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One of the most important Chamoru writers is Cecilia Catherine Taitano Perez, also known as “Lee” Perez and “Hagan Ita” (Daughter of Ita or Blood of Ita). In 1997, Perez published her master’s thesis, Signs of Being: A Chamoru Spiritual Journal, with the University of Hawai‘i’s Center of Pacific Islands Studies. Comprised of poetry, prose and commentary, this cross-genre, multilingual book is described by Perez as “a documentary in the form of creative writing, on the politics of cultural identity and historical memory in the process of decolonization of the Chamoru mind and senses. It is written from the self-reflexive view of an indigenous Chamoru woman writer from Guam, whose sense of physical sight is blurred.” Her journey through a “Chamoru mindscape” travels across five chapters, or what Perez calls “passages”: Hinasso (Reflection), Finakmata (Awakening), I Fina’pos (Familiar Surroundings), Lala’chok (Taking Root), and I Senedda (Finding Voice).[6]

In one of the opening poems, “As I Turn the Pages,” Perez depicts the invisibility of Chamoru people in western-authored histories of Guam. According to the commentary that follows the poem, the speaker was sitting in the theatre at UOG, listening to a lecture given by a history professor on “romantic and tragic” portrayals of Guam’s history:

In the drama
of what is called,
“The History of Guam,”
             severed from
sister homeland,
Northern Marianas,
the stage is set: 

sleepy
colonial
island,
Nanyo, extension of Nippon,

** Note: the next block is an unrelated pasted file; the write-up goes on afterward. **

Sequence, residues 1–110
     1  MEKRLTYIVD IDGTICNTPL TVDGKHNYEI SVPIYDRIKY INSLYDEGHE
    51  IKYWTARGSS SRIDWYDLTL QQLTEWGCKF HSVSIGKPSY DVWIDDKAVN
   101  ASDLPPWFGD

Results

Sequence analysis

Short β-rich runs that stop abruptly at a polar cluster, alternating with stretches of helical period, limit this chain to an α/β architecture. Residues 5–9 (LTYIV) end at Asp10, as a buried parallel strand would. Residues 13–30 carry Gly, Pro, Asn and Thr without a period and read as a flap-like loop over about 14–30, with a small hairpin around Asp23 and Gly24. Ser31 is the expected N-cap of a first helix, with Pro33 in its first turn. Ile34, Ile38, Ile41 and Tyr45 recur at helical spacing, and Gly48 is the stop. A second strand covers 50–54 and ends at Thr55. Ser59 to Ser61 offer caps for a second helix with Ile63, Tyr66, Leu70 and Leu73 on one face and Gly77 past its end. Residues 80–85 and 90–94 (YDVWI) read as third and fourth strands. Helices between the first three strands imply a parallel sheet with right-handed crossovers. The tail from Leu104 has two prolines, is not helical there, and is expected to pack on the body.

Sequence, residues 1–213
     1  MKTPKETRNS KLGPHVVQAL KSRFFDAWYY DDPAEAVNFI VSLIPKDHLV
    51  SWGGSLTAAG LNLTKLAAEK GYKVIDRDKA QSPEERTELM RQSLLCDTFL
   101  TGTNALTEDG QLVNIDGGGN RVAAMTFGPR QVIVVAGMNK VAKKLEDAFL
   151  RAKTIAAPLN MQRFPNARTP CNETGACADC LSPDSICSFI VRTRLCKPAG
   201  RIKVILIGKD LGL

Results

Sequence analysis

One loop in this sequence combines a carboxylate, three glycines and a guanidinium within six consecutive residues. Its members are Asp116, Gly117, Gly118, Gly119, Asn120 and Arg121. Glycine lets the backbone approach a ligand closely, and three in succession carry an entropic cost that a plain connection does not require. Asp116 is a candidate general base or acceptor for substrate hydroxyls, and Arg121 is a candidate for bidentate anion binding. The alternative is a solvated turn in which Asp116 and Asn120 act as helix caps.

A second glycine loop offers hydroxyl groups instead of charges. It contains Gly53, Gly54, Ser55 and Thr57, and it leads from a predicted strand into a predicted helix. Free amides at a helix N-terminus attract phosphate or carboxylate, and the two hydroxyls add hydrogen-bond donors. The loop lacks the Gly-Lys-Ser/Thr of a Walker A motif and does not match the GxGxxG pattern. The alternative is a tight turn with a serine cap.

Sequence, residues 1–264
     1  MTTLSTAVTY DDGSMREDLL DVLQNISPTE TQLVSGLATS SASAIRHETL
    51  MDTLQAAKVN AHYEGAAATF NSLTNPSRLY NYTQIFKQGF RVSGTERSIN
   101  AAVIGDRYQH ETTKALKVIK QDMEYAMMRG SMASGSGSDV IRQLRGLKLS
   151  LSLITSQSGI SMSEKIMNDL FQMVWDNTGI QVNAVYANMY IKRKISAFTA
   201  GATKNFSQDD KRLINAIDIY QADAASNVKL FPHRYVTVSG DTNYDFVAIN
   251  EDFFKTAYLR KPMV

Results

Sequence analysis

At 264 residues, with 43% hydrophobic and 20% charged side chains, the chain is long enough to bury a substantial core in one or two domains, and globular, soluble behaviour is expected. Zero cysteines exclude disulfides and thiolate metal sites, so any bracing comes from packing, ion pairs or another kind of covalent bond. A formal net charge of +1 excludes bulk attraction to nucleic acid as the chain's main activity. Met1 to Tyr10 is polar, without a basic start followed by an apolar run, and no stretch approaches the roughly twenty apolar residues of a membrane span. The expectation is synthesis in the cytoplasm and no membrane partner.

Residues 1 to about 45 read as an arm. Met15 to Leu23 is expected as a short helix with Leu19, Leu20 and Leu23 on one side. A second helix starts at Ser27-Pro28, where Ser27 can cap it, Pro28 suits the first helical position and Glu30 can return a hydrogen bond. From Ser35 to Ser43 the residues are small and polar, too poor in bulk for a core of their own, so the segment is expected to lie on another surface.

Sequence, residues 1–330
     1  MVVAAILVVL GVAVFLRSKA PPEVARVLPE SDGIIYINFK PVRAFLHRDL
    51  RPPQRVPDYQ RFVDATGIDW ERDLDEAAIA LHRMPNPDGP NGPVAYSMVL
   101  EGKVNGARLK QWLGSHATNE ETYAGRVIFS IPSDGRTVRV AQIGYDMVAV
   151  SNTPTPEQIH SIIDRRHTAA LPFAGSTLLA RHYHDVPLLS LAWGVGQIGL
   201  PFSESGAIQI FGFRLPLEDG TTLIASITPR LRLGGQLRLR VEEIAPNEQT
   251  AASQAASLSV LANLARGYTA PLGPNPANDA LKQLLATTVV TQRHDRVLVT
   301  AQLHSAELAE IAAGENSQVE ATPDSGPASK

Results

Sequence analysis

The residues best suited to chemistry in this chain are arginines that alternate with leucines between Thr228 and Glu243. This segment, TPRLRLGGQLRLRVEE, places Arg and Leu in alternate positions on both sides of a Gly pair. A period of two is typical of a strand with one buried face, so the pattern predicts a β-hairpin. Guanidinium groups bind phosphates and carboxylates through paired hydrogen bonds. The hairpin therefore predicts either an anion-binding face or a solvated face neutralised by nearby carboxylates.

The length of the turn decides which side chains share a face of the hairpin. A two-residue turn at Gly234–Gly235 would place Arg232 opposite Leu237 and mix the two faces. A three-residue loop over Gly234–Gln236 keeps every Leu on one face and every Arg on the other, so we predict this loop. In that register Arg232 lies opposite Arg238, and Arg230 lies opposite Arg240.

and
bastion of American democracy. 

One of many scenes
is played:

Foreign actors walk in
float in      fly in     bomb in
inseminate into
the passive props. (4)

Here, Perez asserts that Chamoru invisibility is a part of the colonially constructed narrative of Chamoru history, in which Chamorus were considered “passive props” in the struggle between various colonial powers to claim Guam. This narrative begins in the seventeenth century after Guam was “discovered” by Magellan and Spain colonized the Marianas. Following the Spanish-American War of 1898, Spain ceded Guam to the United States and sold the remaining northern islands to Germany. Japan occupied the Northern Marianas in 1914, and a League of Nations mandate recognized Japanese control. In 1941, Japan invaded and occupied Guam for three years; however, the U.S. recaptured Guam in 1944 and occupied the Northern Marianas.[7] Guam, again, became a possession of the U.S., while the Northern Marianas came under U.S. control through a mandate from the United Nations (the Trust Territory of the Pacific Islands). In 1950, Guam became an “unincorporated territory” of the U.S., a status unchanged to this day. The Northern Mariana Islands became a commonwealth of the U.S. in the late seventies, thus cementing the severing of the Mariana Islands and the Chamoru people-cum-“passive props.”

Perez’s poem continues with the speaker remembering how she’s “turned those pages” of history, often ending up at these words: “‘And in the end …’ / ‘in one final gasp of life …’ / ‘the last Chamorro died’” (5). The poem ends:

then,
who am I
who know
my    self
to be
Chamoru,
and how is it
I sit here
thinking?”